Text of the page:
A recent news reporter used the word ‘gang’ when referencing a young man wanting to join ISIS. It was a word and idea that had been part of our thinking all these months, but there it was, the first time it was said out loud. What is it about gangs and gang-like activity that attracts young people?
In our country, gangs have been around for a very long time. According to the Office of Juvenile Justice and Delinquency Prevention (OJJDP):
Street gangs on the East Coast developed in three phases (Adamson, 1998; Sante, 1991). The first gang-like groups began to emerge immediately after the American Revolution ended in 1783, but they were not seasoned criminals; only youth fighting over local turf. The beginning of serious ganging in New York City would commence a few years later, around 1820, in the wake of far more large-scale immigration. The gangs that emerged from this melting pot were far more structured and dangerous. A third wave of gang activity developed in the 1950s and 1960s when Latino and black populations arrived en masse.
Research offered by the OJJDP reveals five categories of risk factors that contribute to youth gang membership: community, family, school, peer group, and individual. We may not believe we have tremendous impact on community, family, peer group and individual causes, but we can take a serious look the ten factors that are within our control. These are the factors in the school category:
- academic failure
- low educational aspirations, especially among females
- negative labeling by teachers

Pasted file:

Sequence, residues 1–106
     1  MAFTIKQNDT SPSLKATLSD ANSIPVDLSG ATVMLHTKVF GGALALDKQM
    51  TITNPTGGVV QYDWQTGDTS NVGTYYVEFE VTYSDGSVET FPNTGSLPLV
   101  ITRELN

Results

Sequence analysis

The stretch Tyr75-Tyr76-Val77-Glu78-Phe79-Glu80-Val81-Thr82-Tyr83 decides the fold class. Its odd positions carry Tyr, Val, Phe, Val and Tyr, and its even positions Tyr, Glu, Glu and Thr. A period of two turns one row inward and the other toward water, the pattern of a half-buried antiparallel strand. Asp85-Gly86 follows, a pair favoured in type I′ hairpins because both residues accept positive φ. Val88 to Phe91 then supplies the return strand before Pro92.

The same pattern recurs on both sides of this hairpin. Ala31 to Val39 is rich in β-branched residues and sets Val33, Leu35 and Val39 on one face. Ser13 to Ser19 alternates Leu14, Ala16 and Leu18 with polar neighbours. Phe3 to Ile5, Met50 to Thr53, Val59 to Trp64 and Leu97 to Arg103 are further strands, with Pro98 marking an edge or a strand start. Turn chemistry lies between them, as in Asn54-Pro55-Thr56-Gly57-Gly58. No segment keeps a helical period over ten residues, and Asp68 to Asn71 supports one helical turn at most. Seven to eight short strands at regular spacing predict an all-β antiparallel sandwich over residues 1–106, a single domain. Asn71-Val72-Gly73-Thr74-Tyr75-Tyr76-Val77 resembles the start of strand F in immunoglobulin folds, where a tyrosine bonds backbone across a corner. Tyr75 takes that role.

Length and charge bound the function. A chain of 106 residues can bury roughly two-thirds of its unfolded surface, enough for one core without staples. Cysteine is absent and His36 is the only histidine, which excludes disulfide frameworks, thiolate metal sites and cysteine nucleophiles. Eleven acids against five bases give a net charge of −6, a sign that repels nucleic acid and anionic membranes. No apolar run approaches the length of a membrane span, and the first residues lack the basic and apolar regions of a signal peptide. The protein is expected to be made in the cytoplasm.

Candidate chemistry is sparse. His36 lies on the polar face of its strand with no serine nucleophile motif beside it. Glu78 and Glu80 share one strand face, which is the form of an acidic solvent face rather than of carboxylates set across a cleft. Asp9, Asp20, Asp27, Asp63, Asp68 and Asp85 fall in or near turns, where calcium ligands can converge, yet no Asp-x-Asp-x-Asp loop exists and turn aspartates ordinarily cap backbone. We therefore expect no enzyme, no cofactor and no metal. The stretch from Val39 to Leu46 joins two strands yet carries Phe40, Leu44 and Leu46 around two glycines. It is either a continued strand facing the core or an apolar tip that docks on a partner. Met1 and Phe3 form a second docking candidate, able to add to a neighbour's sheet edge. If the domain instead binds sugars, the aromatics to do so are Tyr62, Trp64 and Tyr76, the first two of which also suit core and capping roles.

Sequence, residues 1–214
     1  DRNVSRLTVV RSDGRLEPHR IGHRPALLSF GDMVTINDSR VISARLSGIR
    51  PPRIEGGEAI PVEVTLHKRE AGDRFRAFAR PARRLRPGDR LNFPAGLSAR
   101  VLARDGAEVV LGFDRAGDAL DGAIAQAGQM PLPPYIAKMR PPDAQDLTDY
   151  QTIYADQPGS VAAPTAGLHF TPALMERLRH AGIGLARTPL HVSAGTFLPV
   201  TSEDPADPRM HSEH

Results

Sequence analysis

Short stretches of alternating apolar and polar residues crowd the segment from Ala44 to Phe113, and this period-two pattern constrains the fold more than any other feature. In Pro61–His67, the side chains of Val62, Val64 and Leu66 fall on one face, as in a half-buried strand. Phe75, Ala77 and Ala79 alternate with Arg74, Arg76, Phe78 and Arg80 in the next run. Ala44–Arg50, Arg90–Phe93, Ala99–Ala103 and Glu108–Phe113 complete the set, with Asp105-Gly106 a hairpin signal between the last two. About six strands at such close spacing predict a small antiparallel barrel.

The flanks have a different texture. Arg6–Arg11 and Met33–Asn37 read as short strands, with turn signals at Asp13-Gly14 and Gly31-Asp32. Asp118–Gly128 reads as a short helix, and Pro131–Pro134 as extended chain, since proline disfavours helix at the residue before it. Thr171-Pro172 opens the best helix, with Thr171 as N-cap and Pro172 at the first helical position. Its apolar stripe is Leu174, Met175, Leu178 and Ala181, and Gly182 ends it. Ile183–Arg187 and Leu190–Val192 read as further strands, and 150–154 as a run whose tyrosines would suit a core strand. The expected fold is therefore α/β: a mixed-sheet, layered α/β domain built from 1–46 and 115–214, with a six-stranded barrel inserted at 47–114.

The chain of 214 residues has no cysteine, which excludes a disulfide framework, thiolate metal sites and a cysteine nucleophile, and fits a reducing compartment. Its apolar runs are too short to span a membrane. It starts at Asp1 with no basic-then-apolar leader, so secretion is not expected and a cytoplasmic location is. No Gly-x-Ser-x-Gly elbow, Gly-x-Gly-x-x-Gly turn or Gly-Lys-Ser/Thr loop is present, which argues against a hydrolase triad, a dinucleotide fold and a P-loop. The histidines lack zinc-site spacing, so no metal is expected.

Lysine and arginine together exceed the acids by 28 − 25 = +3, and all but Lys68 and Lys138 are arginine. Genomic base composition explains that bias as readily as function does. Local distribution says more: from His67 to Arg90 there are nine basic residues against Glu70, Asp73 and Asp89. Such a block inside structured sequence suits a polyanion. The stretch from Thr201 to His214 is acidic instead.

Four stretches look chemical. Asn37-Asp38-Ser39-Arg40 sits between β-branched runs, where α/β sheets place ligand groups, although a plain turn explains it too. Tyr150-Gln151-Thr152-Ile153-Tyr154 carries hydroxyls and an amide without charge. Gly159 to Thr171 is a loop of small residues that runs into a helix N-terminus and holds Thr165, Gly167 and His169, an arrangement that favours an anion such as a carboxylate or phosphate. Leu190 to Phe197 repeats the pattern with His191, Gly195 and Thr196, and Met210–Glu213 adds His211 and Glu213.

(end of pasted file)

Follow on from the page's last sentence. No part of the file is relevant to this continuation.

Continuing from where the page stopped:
- trouble at school
- few teacher role models
- educational frustration
- low commitment to school
- high levels of antisocial behaviors in school
- low achievement test scores
- identification as being learning disabled
In 2002, Advanced Concepts Group of Scandia National Laboratories released a report entitled Terrorist Organizations And Criminal Street Gangs ...An argument for an analogy. In it they reported:
... the structure of organizations, and the motivations of individuals to join them, we argue that gangs are a legitimate analog for terrorist and terrorist-like groups. The formation of both of these groups is stimulated by the belief in a lack of opportunity for self-realization, a search for structure and moral order in what appears to be a chaotic world, and the associated felt devaluation of self-identity. The groups become a means to define that self, and to provide the resources and share the responsibility for acts that will create a world within which these individuals can see hope and opportunity. In order for that world to be created, the creators (the groups) must speak to someone, must have an audience for their cause. Hence, violence as theater. Furthermore, because the individual is disenfranchised and powerless in the world of the dominant culture, and because participation in the group allows for the diffusion of responsibility for extra-legal acts, it is groups, not individuals, that wield power and have legitimacy.